Tesso (鉄鼠) is a Japanese yōkai related to the vengeful spirit (onryō) of the Heian period monk Raigō and a mouse. The name “tesso” is a name given by Toriyama Sekien in the Edo period collection of yōkai pictures, the Gazu Hyakki Yagyō, and this yōkai can also be called the Raigo-derived name Raigō-nezumi (頼豪鼠) as from the Enkyōhon (延慶本, alternatively read Enkeihon), a yomihon version of the Heike Monogatari, or Mii-dera-nezumi (三井寺鼠) derived from Mii-dera in Ōtsu, Shiga Prefecture as in the Edo period yōkai themed kyōka picture book, the Kyōka Hyaku Monogatari. They became known starting in the Heisei period from its adoption in the mystery novel Tesso no Ori (The Tesso’s Cage) by Natsuhiko Kyogoku.
According to the Heike Monogatari, in the Heian period, Raigō, on the basis of a promise with Emperor Shirakawa of receiving as much reward as desired if it had effect, continuously prayed for the birth of the emperor’s crown prince, and in 1074 (in the Jōhō years) on December 16, it was finally succeeded. As a reward, Raigō requested for the construction of an ordination platform (kaidan) building for Mii-dera, but opposition forces from Enryaku-ji at Mount Hiei obstructed this and prevented it from being granted.
In resentment, Raigō then proceeded to make prayers to drag the crown prince who was born from his prayers, Prince Atsufumi, down to the clutches of evil, and went into a fast. After 100 days, Raigō ended up looking like an evil ogre and died, and starting since then, an ominous white-haired old priest would appear by Prince Atsufumi’s pillowside. Emperor Shirakawa was fearful of Raigō’s curse and grasped around for prayers, but they had no effect, and Prince Atsufumi died barely at the age of 4.
In the yomihon versions of the Heike Monogatari such as Enkyōhon (延慶本, alternatively read Enkeihon) and Nagatohon (長門本) and in the different book Genpei Jōsuiki, among other sources, the grudges of Raigō became a giant rat and ate away at the sacred books in Enryaku-ji. Enryaku-ji was fearful of Raigō’s grudge and built a shrine at Higashisakamoto to enshrine Raigō as a god in order to quell this grudge. The name of the shrine has been passed down to be “Nezumi no Hokura” (鼠の秀倉, The Rat Shrine). It is also said that after this, large rats have been called “Raigo-nezumi.”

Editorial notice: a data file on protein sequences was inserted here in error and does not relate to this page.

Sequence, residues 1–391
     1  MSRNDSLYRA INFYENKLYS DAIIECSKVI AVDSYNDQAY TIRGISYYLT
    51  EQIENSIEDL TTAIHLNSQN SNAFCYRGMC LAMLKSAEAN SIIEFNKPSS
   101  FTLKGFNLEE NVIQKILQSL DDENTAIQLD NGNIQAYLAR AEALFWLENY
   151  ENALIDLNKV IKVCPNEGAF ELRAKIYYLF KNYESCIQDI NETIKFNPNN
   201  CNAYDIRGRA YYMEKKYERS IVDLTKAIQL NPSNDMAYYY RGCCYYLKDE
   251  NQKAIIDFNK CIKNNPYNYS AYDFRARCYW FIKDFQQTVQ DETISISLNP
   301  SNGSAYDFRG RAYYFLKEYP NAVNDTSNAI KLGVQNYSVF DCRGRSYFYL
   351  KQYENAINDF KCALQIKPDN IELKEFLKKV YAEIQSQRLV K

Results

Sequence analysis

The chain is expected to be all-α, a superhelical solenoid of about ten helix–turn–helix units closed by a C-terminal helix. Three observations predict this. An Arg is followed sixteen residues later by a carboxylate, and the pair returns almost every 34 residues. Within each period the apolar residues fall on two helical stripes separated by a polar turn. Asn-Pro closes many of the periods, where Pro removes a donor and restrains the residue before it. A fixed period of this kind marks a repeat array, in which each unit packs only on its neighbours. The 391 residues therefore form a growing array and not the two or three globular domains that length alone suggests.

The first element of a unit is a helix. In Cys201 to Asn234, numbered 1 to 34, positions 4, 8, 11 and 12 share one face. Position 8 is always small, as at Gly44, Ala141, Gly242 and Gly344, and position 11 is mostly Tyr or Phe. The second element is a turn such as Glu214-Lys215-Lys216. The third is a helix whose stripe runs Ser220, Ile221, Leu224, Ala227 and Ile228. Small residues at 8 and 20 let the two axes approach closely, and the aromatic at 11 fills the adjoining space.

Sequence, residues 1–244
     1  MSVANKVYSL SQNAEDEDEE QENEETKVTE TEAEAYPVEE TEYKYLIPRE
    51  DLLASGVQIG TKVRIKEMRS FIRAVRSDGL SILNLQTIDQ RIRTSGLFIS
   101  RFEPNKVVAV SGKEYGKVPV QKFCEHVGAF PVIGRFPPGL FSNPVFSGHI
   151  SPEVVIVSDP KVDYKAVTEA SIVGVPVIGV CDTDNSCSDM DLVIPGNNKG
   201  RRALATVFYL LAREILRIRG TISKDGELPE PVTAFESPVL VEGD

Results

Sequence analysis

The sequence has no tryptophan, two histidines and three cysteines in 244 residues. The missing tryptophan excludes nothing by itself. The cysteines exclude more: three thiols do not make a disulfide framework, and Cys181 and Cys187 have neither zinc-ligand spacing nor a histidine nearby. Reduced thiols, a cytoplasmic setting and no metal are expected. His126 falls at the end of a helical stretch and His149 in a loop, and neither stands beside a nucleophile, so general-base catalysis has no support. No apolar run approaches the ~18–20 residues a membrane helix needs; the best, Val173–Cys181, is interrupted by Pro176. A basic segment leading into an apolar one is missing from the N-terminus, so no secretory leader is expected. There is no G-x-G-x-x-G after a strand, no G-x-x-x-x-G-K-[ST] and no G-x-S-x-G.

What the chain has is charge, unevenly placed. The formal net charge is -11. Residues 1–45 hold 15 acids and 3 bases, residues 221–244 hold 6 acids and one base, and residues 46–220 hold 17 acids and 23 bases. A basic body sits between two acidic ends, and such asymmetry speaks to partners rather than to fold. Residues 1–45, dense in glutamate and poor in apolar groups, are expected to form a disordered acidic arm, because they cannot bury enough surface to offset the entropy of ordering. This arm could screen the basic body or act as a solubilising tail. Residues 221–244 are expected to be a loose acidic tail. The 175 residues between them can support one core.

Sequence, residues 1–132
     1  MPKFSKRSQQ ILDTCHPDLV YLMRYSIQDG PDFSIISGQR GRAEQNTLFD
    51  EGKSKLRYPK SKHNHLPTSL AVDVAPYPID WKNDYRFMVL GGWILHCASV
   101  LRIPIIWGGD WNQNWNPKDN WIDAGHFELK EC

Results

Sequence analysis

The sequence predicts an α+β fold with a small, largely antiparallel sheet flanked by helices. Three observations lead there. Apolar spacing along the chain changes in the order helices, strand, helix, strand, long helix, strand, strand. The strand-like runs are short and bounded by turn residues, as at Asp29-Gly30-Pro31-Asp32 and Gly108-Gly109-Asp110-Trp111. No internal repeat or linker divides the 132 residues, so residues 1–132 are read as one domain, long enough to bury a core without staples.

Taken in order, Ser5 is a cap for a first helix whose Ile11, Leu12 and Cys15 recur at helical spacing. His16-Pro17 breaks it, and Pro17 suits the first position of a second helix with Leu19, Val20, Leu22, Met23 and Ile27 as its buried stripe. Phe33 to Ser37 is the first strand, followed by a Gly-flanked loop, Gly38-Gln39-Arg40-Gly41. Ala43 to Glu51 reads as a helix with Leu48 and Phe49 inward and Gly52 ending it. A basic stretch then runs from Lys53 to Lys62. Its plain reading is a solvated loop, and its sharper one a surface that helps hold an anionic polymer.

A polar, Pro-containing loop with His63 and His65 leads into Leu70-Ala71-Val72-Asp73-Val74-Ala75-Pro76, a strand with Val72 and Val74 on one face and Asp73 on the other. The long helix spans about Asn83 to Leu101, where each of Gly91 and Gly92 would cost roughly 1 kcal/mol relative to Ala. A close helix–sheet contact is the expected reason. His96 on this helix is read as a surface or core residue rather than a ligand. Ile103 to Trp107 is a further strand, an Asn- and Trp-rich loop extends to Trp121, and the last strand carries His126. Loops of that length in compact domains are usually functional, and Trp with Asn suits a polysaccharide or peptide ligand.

According to the military chronicle (Gunki monogatari) Taiheiki, the grudges of Raigō turned into 84,000 rats with stone bodies and metal teeth and climbed up Mount Hiei and ate away at not just the sacred texts, but also the Buddha statues.
In the late Edo Period, the yomihon author Takizawa Bakin wrote Raigō Ajari Kaisoden (頼豪阿闍梨恠鼠伝) based on the Raigō legend. While the elegant Shimizu Yoshitaka (水義高, also known as Minamoto no Yoshitaka or 源義高), the orphan of Kiso no Yoshinaka was traveling across several provinces, Raigō appeared to her in a dream and talked about how because Yoshinaka once contributed a request form to Raigō’s mini shrine (hokora) to become Seii Taishōgun, so he will offer his help to Yoshinaka, and told her about how Nekoma Michizane has been targeting her life due to having a grudge against her, and instructed Yoshinaka on some rat sorcerery.
In the story, the scene when Mitsuzane tried to cut down Yoshinaka and a giant rat appeared and stopped this, the scene when Yoshinaka called out an eerie person with the face of a rat in order to lure out her father’s enemy Ishida Tamehisa, and the scene when Yoshinaka stopped Michizane’s torture of her mother-in-law by summoning countless rats, among other scenes, were all given illustrations by the ukiyo-e artist Katsushika Hokusai.